Irritating, isn’t it?
You see everyone using drip campaigns to promote their businesses, products or services.
Post after post tries to convince you to use them too.
But when you sit down to create your drip sequence…
…you blank out.
In spite of all the research you did, you have no idea where to start. You don’t know what information to include and how to order it to deliver the best effect.
You’re stuck before you even began.
That’s why we decided to help.
We collected 5 drip campaigns blueprints on which you could base your very own email sequence.
Pretty cool, huh?
FREE DOWNLOAD: Click here to get a PDF version of all 5 blueprints
A Quick Word About This Guide
Before we get to the good stuff, let’s get something out of the way:
These blueprints are just that, sample structures on which you could use to base your campaign.
However, they’re far from being finished campaigns.
It would be impossible to template a drip sequence that would suit every business.
After all, every audience is different and has its own, specific requirements and expectations.
Therefore, use these blueprints as a foundation, a starting point if you like, to create your drip campaign, tailored to your audience.
And with that off the way…
5 Drip Campaign Blueprints to Help You Design the Perfect Email Sequence
Blueprint #1 – User Onboarding
Apparently 40-60% of users who sign up for a product or software app will use it only one and never come back.
And that’s for a number of reasons:
- They failed to understand how to use your app,
- They had a wrong idea about what your product could help them with,
- They didn’t receive enough help when starting to use the product,
- Or they failed to understand its value.
Enter User Onboarding Drip Campaign
The purpose of a user onboarding email sequence is to convert trial users into customers and then, get them to use the app beyond the first login.
The aim of your campaign is to:
- Welcome the user to the product,
- Explain the product and its most important features,
- Engage users so they complete the essential activation point,
- Overcome the negative impression of seeing an empty interface the first time they log in.
And here’s a drip campaign blueprint that could help you onboard new users:
Email #1 – Welcome
As the name suggests, the purpose of the welcome email is to welcome someone to your product, set the tone for your relationship, help them understand the value of your app but most importantly – move them to the next step in the onboarding journey – the activation point.
According to Sean Work, it’s “the first point in which you deliver the value you promised”.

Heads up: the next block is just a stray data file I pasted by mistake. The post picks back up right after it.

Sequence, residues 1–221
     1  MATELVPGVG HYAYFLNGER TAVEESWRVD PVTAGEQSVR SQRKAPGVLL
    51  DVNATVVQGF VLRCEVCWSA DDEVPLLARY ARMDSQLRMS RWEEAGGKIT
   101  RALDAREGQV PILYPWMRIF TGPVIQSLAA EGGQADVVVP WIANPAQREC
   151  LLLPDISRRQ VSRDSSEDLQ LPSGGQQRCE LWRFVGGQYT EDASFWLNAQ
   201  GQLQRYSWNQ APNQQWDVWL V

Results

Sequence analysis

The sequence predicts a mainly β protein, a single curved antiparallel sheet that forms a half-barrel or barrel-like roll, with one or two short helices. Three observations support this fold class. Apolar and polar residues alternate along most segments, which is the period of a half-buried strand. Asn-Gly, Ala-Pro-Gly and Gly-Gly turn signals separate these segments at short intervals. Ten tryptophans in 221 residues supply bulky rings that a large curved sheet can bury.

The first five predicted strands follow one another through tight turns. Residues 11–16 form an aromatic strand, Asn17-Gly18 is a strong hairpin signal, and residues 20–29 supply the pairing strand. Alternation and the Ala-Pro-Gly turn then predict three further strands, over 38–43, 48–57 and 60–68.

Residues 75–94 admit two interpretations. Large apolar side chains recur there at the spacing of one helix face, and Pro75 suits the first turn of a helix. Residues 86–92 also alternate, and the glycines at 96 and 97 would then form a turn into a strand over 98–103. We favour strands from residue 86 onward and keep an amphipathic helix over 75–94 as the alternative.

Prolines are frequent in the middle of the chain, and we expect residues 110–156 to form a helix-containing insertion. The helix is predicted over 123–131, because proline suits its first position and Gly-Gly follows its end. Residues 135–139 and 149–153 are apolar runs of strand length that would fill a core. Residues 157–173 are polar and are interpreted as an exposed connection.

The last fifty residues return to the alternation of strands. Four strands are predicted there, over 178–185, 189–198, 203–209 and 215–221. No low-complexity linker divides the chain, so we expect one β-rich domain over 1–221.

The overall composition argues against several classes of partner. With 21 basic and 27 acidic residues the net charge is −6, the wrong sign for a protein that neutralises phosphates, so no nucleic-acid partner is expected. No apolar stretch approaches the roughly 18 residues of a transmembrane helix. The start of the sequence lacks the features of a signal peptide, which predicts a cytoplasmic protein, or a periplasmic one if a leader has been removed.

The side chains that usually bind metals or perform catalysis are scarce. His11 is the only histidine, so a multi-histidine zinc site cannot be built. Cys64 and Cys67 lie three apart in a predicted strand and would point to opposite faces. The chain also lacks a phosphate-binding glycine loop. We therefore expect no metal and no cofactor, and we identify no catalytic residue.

Alex Schultz, the VP of Growth at Facebook defines it as the moment when your user thinks “Aha! So that’s what this product can do for me”.
The activation point is different for any business.
For Twitter, it’s following first users. After all, it’s the only way to see the social network’s value.
For Dropbox, it’s installing their desktop client.
Whatever your activation point is, the welcome email should include a strong call to action urging a user to move closer towards the activation point.
Grammarly’s welcoming email suggests the quickest way to open a document in the app.
Another email from the company recommends installing their Chrome extension.
And both emails are clearly designed to get users to see the value of the app in action.
Email #2 – Pump Up
You’ve welcomed a user to the app; now it’s time to pump them up a little about using it.
In the second email, show users that you understand their problem and demonstrate how your software could help them solve it.
You could also include links to resources you created on the topic, blog posts, videos or any other content to further confirm that you understand the problem and have the authority to solve it.
Email #3 – Barrier Breaker
By now, those users who followed your cadence and decided to try the app, have probably stumbled on some initial problems with using it.
And even if they didn’t, they may have been wondering about specific functionality or outcomes they could achieve.
All these form barriers for further use of the product. And you should use this email to overcome them.
Show your new users how to use specific features. Introduce options they may have missed.